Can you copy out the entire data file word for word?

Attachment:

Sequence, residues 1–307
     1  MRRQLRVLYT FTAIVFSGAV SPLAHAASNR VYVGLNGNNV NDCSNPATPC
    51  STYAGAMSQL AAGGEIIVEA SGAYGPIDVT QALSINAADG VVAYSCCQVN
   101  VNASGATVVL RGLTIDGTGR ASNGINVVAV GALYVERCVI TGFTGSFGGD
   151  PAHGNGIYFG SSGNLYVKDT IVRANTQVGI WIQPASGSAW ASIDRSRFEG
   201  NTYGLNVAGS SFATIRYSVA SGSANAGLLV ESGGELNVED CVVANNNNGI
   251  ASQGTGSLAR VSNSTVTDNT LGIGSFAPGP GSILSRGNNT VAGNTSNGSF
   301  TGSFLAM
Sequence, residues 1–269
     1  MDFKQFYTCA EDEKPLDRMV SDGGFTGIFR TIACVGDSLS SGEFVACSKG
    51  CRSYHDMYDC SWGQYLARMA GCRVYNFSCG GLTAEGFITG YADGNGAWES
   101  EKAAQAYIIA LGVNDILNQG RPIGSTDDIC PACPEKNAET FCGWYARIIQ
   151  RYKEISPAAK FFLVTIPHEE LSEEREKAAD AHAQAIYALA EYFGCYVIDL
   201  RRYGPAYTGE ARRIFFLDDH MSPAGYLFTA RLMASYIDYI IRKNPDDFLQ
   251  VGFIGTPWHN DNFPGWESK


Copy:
Sequence, residues 1–307
     1  MRRQLRVLYT FTAIVFSGAV SPLAHAASNR VYVGLNGNNV NDCSNPATPC
    51  STYAGAMSQL AAGGEIIVEA SGAYGPIDVT QALSINAADG VVAYSCCQVN
   101  VNASGATVVL RGLTIDGTGR ASNGINVVAV GALYVERCVI TGFTGSFGGD
   151  PAHGNGIYFG SSGNLYVKDT IVRANTQVGI WIQPASGSAW ASIDRSRFEG
   201  NTYGLNVAGS SFATIRYSVA SGSANAGLLV ESGGELNVED CVVANNNNGI
   251  ASQGTGSLAR VSNSTVTDNT LGIGSFAPGP GSILSRGNNT VAGNTSNGSF
   301  TGSFLAM
Sequence, residues 1–269
     1  MDFKQFYTCA EDEKPLDRMV SDGGFTGIFR TIACVGDSLS SGEFVACSKG
    51  CRSYHDMYDC SWGQYLARMA GCRVYNFSCG GLTAEGFITG YADGNGAWES
   101  EKAAQAYIIA LGVNDILNQG RPIGSTDDIC PACPEKNAET FCGWYARIIQ
   151  RYKEISPAAK FFLVTIPHEE LSEEREKAAD AHAQAIYALA EYFGCYVIDL
   201  RRYGPAYTGE ARRIFFLDDH MSPAGYLFTA RLMASYIDYI IRKNPDDFLQ
   251  VGFIGTPWHN DNFPGWESK